Trump reportedly bragged about bluffing to Trudeau to play him in trade talks

  • The Washington Post reports that leaked audio of a fundraising speech recorded President Donald Trump recounting a conversation with Justin Trudeau.
  • He reportedly described contradicting Trudeau’s claims the about a trade deficit despite not knowing the facts.

President Donald Trump, who has always prided himself on his skills as a dealmaker, bragged on Wednesday about making up facts while seeking to get the better of Canadian Prime Minister Justin Trudeau in trade talks, according to The Washington Post.

The Post said it obtained audio of a private fundraising speech Trump made in Missouri in which the president portrayed Trudeau as trying to convince him that the US had no trade deficit with Canada, a fact Trump apparently refused to accept despite having no idea whether it was true.

“Trudeau came to see me. He’s a good guy, Justin. He said, ‘No, no, we have no trade deficit with you, we have none. Donald, please,'” Trump said while mimicking Trudeau, according to The Post.

Trump reportedly continued:

“I said, ‘Wrong, Justin, you do.’ I didn’t even know … I had no idea. I just said, ‘You’re wrong.’ You know why? Because we’re so stupid … And I thought they were smart. I said, ‘You’re wrong, Justin.’ He said, ‘Nope, we have no trade deficit.’ I said, ‘Well, in that case, I feel differently,’ I said, ‘but I don’t believe it.’ I sent one of our guys out, his guy, my guy, they went out, I said, ‘Check, because I can’t believe it.'”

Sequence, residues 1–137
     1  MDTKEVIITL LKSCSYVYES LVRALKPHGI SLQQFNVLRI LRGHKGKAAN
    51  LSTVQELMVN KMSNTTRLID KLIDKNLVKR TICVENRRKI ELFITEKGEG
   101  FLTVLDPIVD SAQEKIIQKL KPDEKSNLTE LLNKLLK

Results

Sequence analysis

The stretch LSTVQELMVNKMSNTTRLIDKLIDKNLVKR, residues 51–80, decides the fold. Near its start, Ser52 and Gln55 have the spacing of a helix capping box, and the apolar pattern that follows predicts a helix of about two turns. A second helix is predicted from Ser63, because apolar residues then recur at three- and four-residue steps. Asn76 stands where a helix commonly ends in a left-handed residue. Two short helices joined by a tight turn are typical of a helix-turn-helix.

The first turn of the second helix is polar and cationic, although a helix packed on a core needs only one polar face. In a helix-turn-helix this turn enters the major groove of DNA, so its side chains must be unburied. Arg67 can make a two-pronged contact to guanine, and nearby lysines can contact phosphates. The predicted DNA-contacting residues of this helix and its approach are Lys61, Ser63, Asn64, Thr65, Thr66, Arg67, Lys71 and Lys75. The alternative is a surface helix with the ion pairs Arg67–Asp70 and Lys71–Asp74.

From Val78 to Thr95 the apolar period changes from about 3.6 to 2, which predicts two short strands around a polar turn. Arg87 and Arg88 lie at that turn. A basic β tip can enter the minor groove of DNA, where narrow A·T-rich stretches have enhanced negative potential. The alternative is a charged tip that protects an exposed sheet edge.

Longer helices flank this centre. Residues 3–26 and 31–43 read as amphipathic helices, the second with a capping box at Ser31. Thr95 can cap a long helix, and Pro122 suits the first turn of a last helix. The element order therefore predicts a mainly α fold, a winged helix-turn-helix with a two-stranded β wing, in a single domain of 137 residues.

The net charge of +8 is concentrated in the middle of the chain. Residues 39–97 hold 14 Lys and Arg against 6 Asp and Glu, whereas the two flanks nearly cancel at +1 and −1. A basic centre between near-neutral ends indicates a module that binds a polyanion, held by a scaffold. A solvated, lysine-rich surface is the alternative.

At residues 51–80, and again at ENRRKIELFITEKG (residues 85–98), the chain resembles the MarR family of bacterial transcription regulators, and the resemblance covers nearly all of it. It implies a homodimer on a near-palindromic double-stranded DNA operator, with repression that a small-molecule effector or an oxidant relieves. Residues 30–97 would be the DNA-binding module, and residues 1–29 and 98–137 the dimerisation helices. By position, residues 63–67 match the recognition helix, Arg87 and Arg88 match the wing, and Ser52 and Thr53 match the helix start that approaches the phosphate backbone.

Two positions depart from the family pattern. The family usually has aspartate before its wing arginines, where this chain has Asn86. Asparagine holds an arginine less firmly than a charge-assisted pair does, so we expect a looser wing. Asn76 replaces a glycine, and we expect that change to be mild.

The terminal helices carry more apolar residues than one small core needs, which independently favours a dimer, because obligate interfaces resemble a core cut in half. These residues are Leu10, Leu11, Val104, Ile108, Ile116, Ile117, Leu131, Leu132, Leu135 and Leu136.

Trump then said, according to The Post’s reporting on the audio, that his aide returned and reported that the US had a $US17 billion trade deficit with Canada when energy and timber sales were factored in.

As The Post pointed out, however, the Office of the United States Trade Representative maintains that the US has a trade surplus with Canada, the US’s biggest trading partner, with whom it does more than $US300 billion in bilateral business annually.

Trump has embarked on a massive campaign to restructure US trade globally with protectionist practices that include heavy tariffs on foreign imports. Canada and Mexico scored considerable wins when Trump decided to exempt them from recently introduced tariffs on steel and aluminium.